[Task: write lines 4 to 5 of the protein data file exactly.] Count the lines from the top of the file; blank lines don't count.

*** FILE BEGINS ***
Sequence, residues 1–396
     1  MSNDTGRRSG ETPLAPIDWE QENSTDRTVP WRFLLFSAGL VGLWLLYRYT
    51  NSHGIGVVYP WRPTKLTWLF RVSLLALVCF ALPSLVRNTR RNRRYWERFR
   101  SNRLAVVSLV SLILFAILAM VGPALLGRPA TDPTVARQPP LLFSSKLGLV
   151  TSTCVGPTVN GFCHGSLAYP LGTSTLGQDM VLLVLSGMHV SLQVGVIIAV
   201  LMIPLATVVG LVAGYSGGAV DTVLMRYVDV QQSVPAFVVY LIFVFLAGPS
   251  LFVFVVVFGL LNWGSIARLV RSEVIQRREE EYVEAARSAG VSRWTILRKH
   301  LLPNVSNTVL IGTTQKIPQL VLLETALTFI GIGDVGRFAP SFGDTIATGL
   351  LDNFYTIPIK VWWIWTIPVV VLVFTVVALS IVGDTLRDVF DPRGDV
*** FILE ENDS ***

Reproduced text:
   101  SNRLAVVSLV SLILFAILAM VGPALLGRPA TDPTVARQPP LLFSSKLGLV
   151  TSTCVGPTVN GFCHGSLAYP LGTSTLGQDM VLLVLSGMHV SLQVGVIIAV